You'll need to notify Bridgecrest that you intend to sell and work with them to complete the transfer and all paperwork. The loan then transfers to the next owner.

Trade in for a cheaper car

This option works best if you have some equity in your car. However, if you owe more than the car's value, the second car loan will often be for more than the value of the car, leaving you significantly upside down and making it harder to get a loan with a decent interest rate. Some may consider this option despite negative equity to end any dealings with Bridgecrest.

Pay off the loan

Paying off the loan sooner may be the best option if you can afford it. Remember the simple interest? In an ideal situation, if you paid off the loan in less time, you would significantly reduce the charges, thus eventually paying less. Bridgecrest shows you the payoff amount on their website or app. You will need to log in first. Review the terms and conditions to determine if paying off is a good decision.

Also, confirm with the company that there are no early repayment penalties.

Voluntarily return the car

You can request voluntary repossession. You should only do this as a last resort because such a move will significantly impact your credit score. Surrendering the car can help you save on repossession costs.

Bridgecrest may forcefully repossess the car if you default. A repossession hurts your credit and stays there for seven years. You also pay repossession fees. So, it is better to take action before this happens.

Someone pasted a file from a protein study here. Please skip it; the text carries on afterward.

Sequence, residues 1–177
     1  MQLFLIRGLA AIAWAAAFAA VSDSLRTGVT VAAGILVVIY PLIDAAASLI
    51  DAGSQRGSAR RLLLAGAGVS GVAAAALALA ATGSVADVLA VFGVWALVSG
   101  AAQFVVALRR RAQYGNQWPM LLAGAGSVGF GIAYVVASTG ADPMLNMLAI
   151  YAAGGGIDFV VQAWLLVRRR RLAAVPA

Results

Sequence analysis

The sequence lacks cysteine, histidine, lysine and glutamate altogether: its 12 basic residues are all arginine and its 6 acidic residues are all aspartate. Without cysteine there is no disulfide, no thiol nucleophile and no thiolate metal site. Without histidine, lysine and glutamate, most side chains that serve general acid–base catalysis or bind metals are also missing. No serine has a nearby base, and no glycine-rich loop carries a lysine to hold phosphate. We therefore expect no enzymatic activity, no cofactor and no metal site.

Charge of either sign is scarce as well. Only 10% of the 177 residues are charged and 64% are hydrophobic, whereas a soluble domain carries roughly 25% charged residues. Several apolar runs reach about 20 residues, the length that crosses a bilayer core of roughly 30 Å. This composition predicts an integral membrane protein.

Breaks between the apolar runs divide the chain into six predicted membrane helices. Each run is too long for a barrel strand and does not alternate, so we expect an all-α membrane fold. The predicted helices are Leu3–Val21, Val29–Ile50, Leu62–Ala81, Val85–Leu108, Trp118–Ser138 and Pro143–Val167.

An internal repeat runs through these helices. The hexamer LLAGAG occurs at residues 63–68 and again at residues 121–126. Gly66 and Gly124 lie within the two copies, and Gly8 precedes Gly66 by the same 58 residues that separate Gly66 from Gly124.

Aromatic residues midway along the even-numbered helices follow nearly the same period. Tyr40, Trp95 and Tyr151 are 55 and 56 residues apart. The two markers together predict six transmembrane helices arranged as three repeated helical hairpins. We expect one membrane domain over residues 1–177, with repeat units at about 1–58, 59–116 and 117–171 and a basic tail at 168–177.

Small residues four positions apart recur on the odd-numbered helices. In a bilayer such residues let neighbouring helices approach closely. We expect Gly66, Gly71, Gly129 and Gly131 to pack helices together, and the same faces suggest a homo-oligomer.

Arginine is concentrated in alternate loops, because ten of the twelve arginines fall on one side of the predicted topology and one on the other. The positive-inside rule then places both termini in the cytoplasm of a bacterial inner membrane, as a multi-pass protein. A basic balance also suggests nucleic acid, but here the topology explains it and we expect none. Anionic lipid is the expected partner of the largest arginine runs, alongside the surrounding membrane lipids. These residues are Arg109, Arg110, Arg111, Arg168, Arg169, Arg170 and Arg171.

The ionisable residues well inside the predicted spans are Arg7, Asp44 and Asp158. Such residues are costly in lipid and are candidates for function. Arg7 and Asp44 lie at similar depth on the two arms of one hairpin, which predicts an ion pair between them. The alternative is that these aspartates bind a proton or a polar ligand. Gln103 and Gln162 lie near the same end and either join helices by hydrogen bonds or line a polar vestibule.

You can get out of a Bridgecrest loan by taking the steps discussed in this article. Also, if you have other questions regarding debt and debt collection, check out SoloSuit's debt collection blog.

Resolve debt at any stage.

Settle your debt with Bridgecrest

If Bridgecrest decides to sue you, they will file a Complaint in your local court, and it’s your responsibility to respond to the lawsuit before your state’s deadline.

Maybe you know that the debt is valid. If this is the case, you can still reach out to Capital One to discuss debt settlement.

Debt settlement can help you save money and avoid going to court. Luckily, you can still settle a debt even after you’ve been sued. Just follow these three steps:

  1. Respond to pending lawsuits. If you’ve been sued for a debt, you can reach out to settle it at any stage of the process. But first, you should respond to avoid a judgment. To respond, draft and file a written Answer into the court case.

  2. Send a settlement offer to start negotiations. There is a good chance your creditor will accept a settlement offer for less than the original amount you owe. As such, start with a low offer to give yourself room to negotiate.

  3. Get the settlement agreement in writing. As soon as you reach an agreement with your creditor, get it in writing. This will protect you from any legal issues moving forward and ensure that you aren’t held responsible for the debt after you pay the settlement.

SoloSettle can help you with all these steps and more. Check out this video to learn more:

What is SoloSuit?

SoloSuit makes it easy to fight debt collectors.

You can use SoloSuit to respond to a debt lawsuit, to send letters to collectors, and even to settle a debt.

SoloSuit's Answer service is a step-by-step web-app that asks you all the necessary questions to complete your Answer. Upon completion, we'll have an attorney review your document and we'll file it for you.

>>Read the FastCompany article: Debt Lawsuits Are Complicated: This Website Makes Them Simpler To Navigate

>>Read the NPR story on SoloSuit. (We can help you in all 50 states.)